"Bayou Bill" Scifres
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Looks Like A Good Year For Squirrels
Copyright © 2008 by Bill Scifres

As June turns into July, we head into the second half of the year and sharpen our vision for hunting, notably for squirrels, first up for Hoosier hunting seasons.
In the past month I have not noticed new leaf nests in great numbers, but everywhere I have been there seems to be young-looking bushytails in fairly good numbers. 
The Indiana Division of Fish and Wildlife does not have a hard-and-fast theory on the number of young squirrels in the bag to translate into a good season, but the number of young taken in a good year is very high. We take about one million squirrels per year. In 2006 the Division of Fish and Wildlife sold about 142,100 licenses to hunt upland game, but it is next to impossible to tell how many of those license holders hunt squirrels. 
Perhaps I should go no further into this matter before first noting that determining the difference in young-of-the year and carryover adults from previous years. This is difficult and is not foolproof. However, young-of-the- year almost always--but still not true on occasions--has a belly that is pure white. My dad used to say: ďThe younger, the whiter the belly.Ē As squirrels age, the belly hair of fox squirrels becomes a shade darker in leftover one-year-old animals, and even a darker shade of yellow in oldsters of all ages.

The grayís belly turns to a dirty white. Itís much the same with pineys--except the brownish side contrasts clearly from the white belly that is more pronounced in adults that in the young. But, as  noted earlier, it is not an ironclad thing. The white eye ring stamps this squirrel as a piney 
Another method of separating young from old is size--especially in the fox squirrel. When young are out of the den or nest they usually are a little more than half the size of the most adults. As the opening of the season arrives at mid-August, the young are noticeably smaller. In grays this is not such a noticeable factor, though the young still are smaller. But even the adult gray is still two-thirds the size of the fox squirrel.
Still, a squirrel in the hand is better to be judged than a squirrel in the tree. Appearances can vary.
Of course, one canít skin squirrels now (pre-season) but skinning squirrels  (the process can be found on http://www.bayoubill.com ) will go a long way in estimating age. When I was a kid, we would skin them with heads still attached to tell how to cook them. Young, with heads attached, were for frying (with a big skillet of gravy and biscuits); the old for a pot of dumplings. Young squirrels skin much easier than old.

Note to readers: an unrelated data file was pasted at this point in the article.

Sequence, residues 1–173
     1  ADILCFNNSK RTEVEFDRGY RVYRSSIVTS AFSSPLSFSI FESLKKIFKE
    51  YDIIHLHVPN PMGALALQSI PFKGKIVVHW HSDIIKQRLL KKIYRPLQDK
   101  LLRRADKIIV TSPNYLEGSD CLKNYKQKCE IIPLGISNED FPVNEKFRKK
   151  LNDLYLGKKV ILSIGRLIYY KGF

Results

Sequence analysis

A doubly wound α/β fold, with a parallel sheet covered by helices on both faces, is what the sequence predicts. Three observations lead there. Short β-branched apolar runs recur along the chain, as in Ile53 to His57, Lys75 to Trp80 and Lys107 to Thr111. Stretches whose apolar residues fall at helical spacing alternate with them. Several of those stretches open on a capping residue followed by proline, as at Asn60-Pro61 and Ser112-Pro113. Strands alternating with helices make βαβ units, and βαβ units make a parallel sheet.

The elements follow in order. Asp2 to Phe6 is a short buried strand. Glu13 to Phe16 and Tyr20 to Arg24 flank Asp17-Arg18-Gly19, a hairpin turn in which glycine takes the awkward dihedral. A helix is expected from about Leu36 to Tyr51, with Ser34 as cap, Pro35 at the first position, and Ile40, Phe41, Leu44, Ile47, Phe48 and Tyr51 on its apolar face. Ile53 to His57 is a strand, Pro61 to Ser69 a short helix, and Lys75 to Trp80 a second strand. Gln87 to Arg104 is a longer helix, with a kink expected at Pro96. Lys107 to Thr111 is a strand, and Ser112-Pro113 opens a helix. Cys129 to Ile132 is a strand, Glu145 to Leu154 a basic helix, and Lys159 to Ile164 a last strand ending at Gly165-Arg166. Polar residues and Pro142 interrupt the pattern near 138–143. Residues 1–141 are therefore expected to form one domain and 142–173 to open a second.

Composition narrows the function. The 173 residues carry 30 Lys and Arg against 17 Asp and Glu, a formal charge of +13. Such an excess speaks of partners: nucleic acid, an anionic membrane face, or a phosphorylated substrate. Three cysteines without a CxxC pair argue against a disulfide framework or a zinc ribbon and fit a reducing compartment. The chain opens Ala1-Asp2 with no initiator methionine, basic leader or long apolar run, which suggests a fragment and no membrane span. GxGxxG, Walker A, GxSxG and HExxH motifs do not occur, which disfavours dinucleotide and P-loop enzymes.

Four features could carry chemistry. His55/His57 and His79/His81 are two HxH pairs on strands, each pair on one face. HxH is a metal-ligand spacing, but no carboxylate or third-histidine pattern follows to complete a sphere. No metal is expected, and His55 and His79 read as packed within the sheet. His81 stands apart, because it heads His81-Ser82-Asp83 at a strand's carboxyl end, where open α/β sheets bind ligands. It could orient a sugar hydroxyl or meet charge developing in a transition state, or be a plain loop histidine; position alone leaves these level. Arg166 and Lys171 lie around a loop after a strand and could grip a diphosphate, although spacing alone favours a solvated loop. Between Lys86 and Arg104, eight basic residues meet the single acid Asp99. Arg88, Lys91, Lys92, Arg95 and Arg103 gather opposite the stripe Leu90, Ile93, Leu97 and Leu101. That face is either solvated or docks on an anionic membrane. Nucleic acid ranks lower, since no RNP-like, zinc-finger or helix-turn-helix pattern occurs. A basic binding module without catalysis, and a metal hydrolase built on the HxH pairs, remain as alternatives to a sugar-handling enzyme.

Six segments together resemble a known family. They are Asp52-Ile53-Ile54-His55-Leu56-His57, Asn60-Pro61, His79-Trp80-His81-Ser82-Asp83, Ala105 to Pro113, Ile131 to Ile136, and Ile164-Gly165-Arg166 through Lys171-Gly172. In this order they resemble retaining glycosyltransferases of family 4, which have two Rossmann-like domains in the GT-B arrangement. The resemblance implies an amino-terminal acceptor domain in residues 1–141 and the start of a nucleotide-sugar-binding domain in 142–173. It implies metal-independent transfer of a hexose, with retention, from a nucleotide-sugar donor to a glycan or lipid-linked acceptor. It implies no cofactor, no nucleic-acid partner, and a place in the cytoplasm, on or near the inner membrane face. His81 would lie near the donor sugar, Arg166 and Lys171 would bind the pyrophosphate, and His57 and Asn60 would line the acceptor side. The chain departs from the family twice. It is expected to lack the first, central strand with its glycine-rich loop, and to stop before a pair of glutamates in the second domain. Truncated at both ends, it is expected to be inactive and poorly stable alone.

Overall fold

Steaming, after frying, will help tenderize the old. This process is simple. Fry the squirrels two-thirds done, then turn the heat down, add an ounce of water (or wine) and cover the skillet for simmering slowly for 15 or 20 minutes, Remove the cover of the skillet and turn up the heat to brown the meat. This procedure will not always work with really old squirrels, but it is worth a try. Tough meat can be turned to dumplings even after frying. Cook it slowly.

As with cooking many other meats, experience always helps.

NATURE NOTES--Those pretty, blue flowers you are seeing along the roadsides now can be one of two species . . . the Canada thistle, with little clusters of thimble-size flowers tends to grow in beds . . . a lot like the head of clovers . . . or chicory, which shows a lot of blossoms spread over a larger area on a single plant--daisy-type flower with the ends of petals slightly notched. Some say chicory closes by noon and blooms by noon . . . donít believe it .. .

I fear my find of the huge stick/limb nest is occupied by red-tailed hawks, not rough-legged or ferruginous, as I suspected. Both are western birds. But they did produce at least two youngsters. Still, I have never seen a red-tail nest this large.
I have recently noticed a piney visiting one of my ground feeding stations . . . a lifetime first. I seldom see a piney on the ground. 

All columns, essays, and photos are copyrighted by Bill Scifres and may not be reproduced in any form without prior permission from the author.  For reproduction permission and media usage fees, contact: Bill Scifres, 6420 East 116th Street, Fishers, IN 46038, E-mail: billscifres@aol.com

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